First bloom: Crinum bulbispermum

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Crinum bulbispermum ‘Jumbo’

The largest of a batch of seed-grown Crinum bulbispermum ‘Jumbo’ is finally blooming, five years after the seed germinated.  I suspect it would have bloomed earlier if it were growing in more fertile soil, but it was worth the wait.  According to the Pacific Bulb Society Wiki, ‘Jumbo’ is a seed strain developed by the late L.S. Hannibal, who selectively bred C. bulbispermum to obtain plants with larger flowers, better color, and inflorescences that don’t flop.  My seedling has flowers that open with a deep pink flush at the base of the petals and darken as they age until they are almost red.  The 20-inch tall (51 cm) inflorescence remained upright without staking, unlike some of the other crinums I grow.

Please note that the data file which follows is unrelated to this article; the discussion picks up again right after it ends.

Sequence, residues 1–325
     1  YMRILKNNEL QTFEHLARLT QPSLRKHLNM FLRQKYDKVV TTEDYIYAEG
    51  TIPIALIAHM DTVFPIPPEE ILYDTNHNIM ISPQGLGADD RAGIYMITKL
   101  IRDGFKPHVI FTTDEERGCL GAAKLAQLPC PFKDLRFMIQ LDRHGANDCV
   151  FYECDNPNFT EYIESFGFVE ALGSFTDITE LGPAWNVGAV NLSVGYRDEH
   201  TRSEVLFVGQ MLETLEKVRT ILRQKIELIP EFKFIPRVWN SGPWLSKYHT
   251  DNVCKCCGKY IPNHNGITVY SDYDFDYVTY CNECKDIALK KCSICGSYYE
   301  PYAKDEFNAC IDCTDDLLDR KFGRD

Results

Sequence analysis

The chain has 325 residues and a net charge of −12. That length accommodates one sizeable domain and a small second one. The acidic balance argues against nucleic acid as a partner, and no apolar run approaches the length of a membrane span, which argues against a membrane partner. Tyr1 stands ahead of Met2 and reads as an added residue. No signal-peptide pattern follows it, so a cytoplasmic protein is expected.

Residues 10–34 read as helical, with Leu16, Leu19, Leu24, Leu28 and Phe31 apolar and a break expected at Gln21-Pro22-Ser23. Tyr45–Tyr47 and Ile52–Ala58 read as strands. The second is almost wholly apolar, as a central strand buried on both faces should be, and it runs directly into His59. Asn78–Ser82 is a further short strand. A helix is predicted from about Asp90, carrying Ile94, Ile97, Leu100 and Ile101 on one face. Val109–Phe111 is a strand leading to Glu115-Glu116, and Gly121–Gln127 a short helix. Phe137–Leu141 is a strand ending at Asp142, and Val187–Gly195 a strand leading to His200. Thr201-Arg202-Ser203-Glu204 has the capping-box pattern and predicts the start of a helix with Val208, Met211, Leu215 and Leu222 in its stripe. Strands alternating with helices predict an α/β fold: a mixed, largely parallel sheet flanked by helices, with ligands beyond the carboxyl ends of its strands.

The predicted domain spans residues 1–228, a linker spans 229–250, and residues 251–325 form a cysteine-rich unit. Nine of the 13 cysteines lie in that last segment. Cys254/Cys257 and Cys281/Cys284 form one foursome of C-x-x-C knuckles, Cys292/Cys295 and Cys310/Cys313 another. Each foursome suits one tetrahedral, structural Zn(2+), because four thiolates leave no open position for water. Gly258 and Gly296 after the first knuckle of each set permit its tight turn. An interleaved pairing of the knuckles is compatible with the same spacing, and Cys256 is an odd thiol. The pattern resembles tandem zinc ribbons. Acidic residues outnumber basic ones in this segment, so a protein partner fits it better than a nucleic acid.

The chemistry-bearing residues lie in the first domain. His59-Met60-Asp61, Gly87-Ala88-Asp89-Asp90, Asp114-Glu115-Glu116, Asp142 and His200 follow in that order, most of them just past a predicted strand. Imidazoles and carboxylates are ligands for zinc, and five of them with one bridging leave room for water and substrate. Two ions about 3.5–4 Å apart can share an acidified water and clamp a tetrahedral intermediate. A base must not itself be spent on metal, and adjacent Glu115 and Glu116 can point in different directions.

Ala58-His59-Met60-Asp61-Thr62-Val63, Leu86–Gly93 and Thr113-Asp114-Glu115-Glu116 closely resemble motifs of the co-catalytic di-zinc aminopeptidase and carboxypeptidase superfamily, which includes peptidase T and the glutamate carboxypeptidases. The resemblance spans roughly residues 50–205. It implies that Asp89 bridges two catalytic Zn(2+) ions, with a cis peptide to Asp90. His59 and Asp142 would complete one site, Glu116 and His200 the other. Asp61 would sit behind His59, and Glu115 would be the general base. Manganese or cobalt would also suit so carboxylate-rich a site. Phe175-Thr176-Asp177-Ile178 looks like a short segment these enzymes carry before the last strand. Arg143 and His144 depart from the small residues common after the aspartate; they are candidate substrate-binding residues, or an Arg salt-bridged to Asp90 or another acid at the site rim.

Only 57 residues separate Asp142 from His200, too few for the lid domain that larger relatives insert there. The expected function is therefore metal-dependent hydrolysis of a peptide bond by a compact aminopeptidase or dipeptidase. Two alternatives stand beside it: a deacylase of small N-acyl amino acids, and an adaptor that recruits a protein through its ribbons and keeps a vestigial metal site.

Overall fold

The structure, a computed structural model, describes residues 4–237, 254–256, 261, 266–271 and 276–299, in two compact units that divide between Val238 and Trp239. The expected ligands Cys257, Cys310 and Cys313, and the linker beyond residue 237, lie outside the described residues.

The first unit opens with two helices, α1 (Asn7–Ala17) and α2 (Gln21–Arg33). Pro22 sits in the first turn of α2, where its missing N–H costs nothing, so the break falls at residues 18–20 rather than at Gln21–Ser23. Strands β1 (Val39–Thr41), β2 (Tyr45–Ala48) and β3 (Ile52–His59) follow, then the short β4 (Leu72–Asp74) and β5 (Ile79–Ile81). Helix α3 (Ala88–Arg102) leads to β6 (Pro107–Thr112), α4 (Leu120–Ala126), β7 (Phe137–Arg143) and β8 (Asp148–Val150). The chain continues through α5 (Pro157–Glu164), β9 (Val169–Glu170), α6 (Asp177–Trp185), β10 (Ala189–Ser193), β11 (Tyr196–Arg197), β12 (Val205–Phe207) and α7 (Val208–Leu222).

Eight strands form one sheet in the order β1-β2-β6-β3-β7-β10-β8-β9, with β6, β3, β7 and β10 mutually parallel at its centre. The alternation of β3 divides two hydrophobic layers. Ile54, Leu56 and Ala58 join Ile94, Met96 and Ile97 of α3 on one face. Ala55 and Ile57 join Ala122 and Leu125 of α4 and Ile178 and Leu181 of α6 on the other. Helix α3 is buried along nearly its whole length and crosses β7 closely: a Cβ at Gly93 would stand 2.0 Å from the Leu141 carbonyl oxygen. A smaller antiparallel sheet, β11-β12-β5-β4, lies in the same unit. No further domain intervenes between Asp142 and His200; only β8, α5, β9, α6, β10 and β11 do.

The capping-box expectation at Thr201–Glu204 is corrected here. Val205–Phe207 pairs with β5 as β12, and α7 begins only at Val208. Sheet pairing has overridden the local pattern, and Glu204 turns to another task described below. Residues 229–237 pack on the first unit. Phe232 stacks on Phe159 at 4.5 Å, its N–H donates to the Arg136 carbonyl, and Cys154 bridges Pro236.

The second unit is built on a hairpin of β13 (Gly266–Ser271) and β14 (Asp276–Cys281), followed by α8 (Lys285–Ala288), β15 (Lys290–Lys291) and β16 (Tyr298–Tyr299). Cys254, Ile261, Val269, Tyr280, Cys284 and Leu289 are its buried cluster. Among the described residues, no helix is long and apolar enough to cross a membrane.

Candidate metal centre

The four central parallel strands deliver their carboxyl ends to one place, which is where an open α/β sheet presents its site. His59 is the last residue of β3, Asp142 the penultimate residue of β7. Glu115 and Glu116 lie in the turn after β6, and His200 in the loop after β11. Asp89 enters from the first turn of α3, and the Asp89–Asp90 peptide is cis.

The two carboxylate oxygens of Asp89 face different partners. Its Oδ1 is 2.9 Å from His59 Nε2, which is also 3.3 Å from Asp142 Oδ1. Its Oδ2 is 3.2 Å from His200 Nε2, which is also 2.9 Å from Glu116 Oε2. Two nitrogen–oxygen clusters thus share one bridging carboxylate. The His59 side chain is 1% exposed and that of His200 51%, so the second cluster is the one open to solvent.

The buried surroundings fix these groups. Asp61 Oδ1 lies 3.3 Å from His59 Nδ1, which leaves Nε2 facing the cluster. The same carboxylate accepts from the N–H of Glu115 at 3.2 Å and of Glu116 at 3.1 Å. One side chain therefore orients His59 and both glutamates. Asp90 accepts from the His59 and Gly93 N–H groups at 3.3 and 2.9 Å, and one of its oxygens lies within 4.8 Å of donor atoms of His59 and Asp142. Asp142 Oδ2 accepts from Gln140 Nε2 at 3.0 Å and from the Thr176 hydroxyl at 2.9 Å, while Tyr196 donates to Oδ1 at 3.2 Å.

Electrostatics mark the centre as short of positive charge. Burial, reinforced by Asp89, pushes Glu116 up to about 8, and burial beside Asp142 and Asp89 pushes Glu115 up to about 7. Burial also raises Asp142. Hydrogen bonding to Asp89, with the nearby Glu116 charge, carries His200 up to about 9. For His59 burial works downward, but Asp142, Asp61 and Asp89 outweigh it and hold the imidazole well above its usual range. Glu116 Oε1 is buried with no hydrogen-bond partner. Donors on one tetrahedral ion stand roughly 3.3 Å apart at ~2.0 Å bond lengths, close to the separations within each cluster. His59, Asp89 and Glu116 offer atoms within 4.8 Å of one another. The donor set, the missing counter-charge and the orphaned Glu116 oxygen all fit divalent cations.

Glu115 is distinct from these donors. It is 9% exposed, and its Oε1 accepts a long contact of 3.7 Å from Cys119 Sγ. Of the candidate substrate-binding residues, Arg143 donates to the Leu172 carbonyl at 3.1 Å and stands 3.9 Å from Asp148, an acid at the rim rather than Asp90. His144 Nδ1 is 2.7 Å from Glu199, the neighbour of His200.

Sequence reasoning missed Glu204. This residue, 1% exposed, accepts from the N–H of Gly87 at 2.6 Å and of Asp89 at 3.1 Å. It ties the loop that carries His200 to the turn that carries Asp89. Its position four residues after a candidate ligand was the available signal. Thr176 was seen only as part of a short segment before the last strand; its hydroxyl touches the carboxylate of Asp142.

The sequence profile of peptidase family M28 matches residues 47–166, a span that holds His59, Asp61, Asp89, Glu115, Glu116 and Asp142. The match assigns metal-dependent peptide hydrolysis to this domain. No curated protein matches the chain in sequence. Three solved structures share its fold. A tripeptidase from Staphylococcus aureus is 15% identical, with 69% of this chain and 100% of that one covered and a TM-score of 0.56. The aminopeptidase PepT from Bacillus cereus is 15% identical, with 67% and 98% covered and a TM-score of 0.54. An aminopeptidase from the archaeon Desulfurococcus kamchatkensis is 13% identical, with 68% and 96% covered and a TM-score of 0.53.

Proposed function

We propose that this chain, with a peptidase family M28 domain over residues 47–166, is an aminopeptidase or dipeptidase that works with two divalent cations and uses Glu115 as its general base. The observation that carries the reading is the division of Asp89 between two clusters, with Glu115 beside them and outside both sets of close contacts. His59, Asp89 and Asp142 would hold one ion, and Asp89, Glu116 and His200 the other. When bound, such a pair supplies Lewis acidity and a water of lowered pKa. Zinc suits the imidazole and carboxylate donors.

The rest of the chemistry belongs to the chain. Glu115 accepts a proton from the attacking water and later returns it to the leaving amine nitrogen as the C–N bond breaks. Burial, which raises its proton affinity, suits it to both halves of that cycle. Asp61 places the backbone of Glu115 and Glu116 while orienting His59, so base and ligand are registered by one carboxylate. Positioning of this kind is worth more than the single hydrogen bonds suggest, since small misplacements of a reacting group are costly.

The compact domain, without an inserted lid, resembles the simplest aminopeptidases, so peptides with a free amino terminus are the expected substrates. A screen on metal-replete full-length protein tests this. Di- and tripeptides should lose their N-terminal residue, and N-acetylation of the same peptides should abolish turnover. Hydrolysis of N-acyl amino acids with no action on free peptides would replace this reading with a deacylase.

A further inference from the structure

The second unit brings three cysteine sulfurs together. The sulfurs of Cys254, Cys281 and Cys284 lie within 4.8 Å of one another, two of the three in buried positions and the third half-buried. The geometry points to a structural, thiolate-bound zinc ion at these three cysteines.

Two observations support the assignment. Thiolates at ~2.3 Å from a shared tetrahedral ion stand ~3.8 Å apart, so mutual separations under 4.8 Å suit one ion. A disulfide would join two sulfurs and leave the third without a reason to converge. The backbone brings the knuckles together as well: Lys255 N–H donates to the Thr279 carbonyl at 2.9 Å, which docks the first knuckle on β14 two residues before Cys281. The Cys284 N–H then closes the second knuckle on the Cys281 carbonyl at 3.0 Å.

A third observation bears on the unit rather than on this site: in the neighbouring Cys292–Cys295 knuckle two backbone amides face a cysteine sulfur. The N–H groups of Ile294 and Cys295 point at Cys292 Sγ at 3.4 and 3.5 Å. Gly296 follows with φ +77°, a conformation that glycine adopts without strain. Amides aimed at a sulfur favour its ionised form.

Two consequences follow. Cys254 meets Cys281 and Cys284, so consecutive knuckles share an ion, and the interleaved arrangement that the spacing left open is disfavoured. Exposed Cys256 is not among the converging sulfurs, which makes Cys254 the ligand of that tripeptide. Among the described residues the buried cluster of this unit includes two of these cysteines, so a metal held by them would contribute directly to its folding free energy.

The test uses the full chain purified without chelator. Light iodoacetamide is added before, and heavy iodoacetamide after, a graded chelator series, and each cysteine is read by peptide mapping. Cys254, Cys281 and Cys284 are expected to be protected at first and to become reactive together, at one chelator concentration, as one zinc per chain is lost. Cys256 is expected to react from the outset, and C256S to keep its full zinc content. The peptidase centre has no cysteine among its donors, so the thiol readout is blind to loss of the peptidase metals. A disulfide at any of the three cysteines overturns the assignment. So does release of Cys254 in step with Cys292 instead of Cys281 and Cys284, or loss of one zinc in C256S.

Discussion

C. bulbispermum is reputed to be the most cold hardy of the South African crinums, with numerous reports of it surviving in Zones 5/6.  In my garden, most crinum foliage turns to mush at a couple of degrees below freezing, but the 3-foot long (90 cm) leaves of C. bulbispermum survive down to near 20 F (or possibly colder) and start growing again early in spring, long before the other crinums poke their noses above the mulch.

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First bloom: Eucrosia aurantiaca

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Inflorescence of Eucrosia aurantiaca